Insights into customer insight

In a relatively short period of time the role of the customer insight department has changed; from answering questions we might want to know about our customers to knowing which questions you should be asking in the first place. Databases are great at determining 'who' and 'what'. What they don't tell you is 'why' and 'what if', which is where real customer insight comes from.

Insight can be defined as an instance of apprehending the true nature of a thing, especially through intuitive understanding. This viewpoint resonates with Kahneman's ideas about the predominance of right brain thinking in humans. Humans' successful evolution was based on thousands of years of right brain instinctive judgements and it has some great strengths. It's highly sensitive to environmental cues, signs of danger etc., but due to its fast thinking, it also has severe weaknesses for today's more complex decisions. This 'system 1' as Kahneman calls it, simplifies, jumps to conclusions and is subject to irrational biases.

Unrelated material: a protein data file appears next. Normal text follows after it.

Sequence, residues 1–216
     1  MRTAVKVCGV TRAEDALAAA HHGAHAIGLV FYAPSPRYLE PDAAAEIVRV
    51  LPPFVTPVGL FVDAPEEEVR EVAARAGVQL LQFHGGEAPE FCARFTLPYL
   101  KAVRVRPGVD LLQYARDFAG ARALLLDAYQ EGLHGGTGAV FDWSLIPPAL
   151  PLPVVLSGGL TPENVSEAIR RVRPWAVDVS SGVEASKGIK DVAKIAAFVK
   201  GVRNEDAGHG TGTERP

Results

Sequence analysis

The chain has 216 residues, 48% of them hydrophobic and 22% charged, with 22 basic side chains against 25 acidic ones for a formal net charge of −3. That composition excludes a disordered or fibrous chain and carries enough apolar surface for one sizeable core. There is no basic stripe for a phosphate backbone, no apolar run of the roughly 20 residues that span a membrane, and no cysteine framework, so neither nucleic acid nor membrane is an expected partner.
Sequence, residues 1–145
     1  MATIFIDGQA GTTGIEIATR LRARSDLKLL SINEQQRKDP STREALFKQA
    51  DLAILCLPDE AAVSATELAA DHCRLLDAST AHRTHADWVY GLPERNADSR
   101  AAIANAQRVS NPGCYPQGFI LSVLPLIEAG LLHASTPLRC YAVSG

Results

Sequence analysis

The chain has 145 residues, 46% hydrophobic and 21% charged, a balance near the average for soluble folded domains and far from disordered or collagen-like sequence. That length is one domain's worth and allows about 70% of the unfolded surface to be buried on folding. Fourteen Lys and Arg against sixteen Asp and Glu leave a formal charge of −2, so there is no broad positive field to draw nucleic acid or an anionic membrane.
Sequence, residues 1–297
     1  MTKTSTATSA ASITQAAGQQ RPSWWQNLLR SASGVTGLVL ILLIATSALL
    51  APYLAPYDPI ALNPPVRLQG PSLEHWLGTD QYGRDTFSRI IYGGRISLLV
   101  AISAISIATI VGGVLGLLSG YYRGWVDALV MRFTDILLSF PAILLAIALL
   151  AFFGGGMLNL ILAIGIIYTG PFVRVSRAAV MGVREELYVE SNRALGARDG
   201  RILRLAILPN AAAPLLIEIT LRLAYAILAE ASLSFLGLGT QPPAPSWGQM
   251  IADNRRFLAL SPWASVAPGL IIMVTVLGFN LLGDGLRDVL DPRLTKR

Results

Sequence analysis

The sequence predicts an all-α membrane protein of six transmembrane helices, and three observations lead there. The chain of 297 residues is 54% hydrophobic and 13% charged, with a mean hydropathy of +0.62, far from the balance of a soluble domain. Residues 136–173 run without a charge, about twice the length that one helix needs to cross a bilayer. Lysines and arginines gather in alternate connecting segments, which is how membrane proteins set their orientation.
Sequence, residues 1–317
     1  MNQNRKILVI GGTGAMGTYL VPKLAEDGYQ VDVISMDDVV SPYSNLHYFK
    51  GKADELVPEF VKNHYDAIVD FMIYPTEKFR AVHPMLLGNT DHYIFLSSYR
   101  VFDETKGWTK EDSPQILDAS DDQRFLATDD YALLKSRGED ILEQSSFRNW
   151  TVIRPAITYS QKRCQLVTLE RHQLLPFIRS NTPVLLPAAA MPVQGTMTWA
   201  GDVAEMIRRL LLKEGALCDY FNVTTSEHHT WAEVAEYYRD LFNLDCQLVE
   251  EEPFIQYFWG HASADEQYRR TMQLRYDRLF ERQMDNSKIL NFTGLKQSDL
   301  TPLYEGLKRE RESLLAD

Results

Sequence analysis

So, how well placed is the customer insight industry in identifying this system 1 thinking? Professor of Consumer Marketing, Vince Mitchell, plots the five levels of customer experience and considers how consistently high quality customer insights can be driven throughout a business till they attain the highest level.

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